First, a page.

It was obvious to anyone who’d been paying attention heading into Tuesday night’s debate that Elizabeth Warren — now the front-runner in Democrats’ presidential nominating contest — would get her share of heat from her competitors. But in the final moments before game time, as CNN’s panelists discussed their expectations, David Axelrod made a narrower prediction. It would be a problem, he said, for Pete Buttigieg if the South Bend mayor didn’t target Warren, after all the work he’d been doing to preview that attack — most prominently debuting a new ad on Tuesday — in recent days.
The viewers who were watching Buttigieg closely knew exactly what Axelrod was talking about. Three hours later, the rest of the country has now also seen a punchier Buttigieg than ever before, as he makes a risky wager — a bet on a largely new campaign tack — that could define the trajectory of his candidacy.
Over the course of the debate in suburban Columbus, Buttigieg clashed with Warren over the details of her Medicare for All support and her plan to pay for it. But he did not reserve his fire exclusively for Warren. He also disagreed vehemently with Tulsi Gabbard over Middle East policy, and ripped into Beto O’Rourke over his position on an assault-weapon buyback plan — perhaps the tensest exchange of the night (“I don’t need lessons from you on courage, political or otherwise,” the mayor said).
It was a break from the more mild-mannered Buttigieg voters had gotten to know over the first four debates, and over his first ten months in the national eye. This candidate, eager to look like a truth-teller and get in the mix as the bigger-name contenders wage ideological war, has sharper elbows than the version who’s quietly been building up his Iowa operation in recent months. It’s all part of a bet he’s making that drawing these kinds of stark contrasts now — just as more voters tune into the race, and just as Warren surges — can position him to be an alternative to Joe Biden for moderate voters, or that it can at least vault him from the floor of the race’s top tier, alongside Kamala Harris, to somewhere in the vicinity of Bernie Sanders’s third-place status.
But his gambit is far from straightforward.
By turning a fight with Warren into one of his centerpiece moments in the national eye, Buttigieg is also gambling that undecided voters now actually want to see this kind of disagreement, even after the last three candidates to try and make such striking attacks on stage — Harris, Cory Booker, and Julián Castro, all on Biden — saw no long-term polling gain. He’s hoping that it doesn’t tank his support among the slice of progressives that has been willing to give him a look. And it’s based on an expectation that voters who have gotten to like Buttigieg’s brand of low-key moderation and calls for generational change won’t rebel against these kinds of explicit critiques of his rivals.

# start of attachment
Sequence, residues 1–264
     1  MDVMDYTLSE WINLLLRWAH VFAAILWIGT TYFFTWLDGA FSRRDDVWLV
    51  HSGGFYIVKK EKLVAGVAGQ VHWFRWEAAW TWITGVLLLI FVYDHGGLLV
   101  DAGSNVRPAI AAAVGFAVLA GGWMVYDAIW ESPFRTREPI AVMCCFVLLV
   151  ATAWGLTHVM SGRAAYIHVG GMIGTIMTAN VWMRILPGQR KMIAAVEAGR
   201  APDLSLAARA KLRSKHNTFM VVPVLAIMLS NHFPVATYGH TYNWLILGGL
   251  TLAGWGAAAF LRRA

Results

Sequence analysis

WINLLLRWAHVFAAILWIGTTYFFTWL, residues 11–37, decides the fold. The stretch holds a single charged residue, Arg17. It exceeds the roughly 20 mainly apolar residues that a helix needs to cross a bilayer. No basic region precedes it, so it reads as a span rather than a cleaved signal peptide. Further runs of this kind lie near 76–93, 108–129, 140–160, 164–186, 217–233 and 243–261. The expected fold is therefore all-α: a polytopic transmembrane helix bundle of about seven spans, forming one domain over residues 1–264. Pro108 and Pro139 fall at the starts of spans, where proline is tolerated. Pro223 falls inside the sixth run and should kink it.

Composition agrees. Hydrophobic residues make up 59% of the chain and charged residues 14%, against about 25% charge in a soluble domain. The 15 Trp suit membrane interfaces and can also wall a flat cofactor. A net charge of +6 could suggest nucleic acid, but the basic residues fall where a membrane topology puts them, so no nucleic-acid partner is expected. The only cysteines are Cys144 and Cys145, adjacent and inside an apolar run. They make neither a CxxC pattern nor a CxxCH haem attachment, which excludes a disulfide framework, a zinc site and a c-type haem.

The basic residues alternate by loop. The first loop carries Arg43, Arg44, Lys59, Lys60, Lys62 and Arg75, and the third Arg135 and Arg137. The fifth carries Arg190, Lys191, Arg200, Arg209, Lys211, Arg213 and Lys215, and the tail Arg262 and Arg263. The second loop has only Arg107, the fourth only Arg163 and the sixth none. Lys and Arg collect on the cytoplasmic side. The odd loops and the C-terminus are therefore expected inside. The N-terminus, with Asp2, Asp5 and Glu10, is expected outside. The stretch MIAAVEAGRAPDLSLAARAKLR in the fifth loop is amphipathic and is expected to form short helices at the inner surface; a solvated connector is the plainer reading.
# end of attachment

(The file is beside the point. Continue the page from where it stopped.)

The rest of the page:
Buttigieg and Democrats around him have been most eager to pick the health-care fight, according to multiple people in his orbit. Though he’d found himself clashing with Warren supporters in the last week for labeling grassroots donations “pocket change” in a recent interview while making a point about general-election fundraising strategy, and though he’d engaged in a back-and-forth with O’Rourke — who trails him in most polling — over gun policy, he has been trying to put himself more forcefully in the middle of the health-care fight with ads in early-voting Iowa touting his own alternative to Medicare for All. It’s a strategy he’s following more successfully than others who’ve tried a version of it, like Steve Bullock, Michael Bennet, John Hickenlooper, and John Delaney.
Those close to Buttigieg are fond of pointing to a late September Des Moines Register poll demonstrating fear among some Democratic caucus-goers that Medicare for All could cost the party in the general election, and on Tuesday Buttigieg released a digital ad criticizing Sanders and Warren by name while touting his own plan. It was the first candidate ad of the cycle directly going after named opponents, and Buttigieg onstage accused Warren of being evasive over her plan’s funding, a reflection, he said, of “why people here in the Midwest are so frustrated with Washington in general and Capitol Hill in particular.”
Buttigieg isn’t the only candidate whose path ahead relies on Biden faltering. But in order to truly take Biden’s place at some point, he’d need to massively expand his support among both African-American voters and Democrats who aren’t yet fully engaged in the primary — two groups that have been Biden’s core supporters, but with whom Buttigieg has struggled. He’s now committed himself to a future firmly within that lane, with little wiggle room after he said onstage that Warren’s and Sanders’s health-care proposals would “unnecessarily divide this country” in a post-Trump world. Some of the fury that has long come Biden’s way from progressives fed up with his centrism is now certainly headed Buttigieg’s way.
To hear his allies tell it, Buttigieg’s new strategy makes sense because voters are now demanding clarity on what divides the candidates, and they’ll appreciate his new assertiveness. That may make the difference between his position in the top five and a place in the top three. It will, at the very least, determine whether the hopeful candidate who’s tried to spur a generational revolution can now credibly convince people to think of him as the moderate hope.
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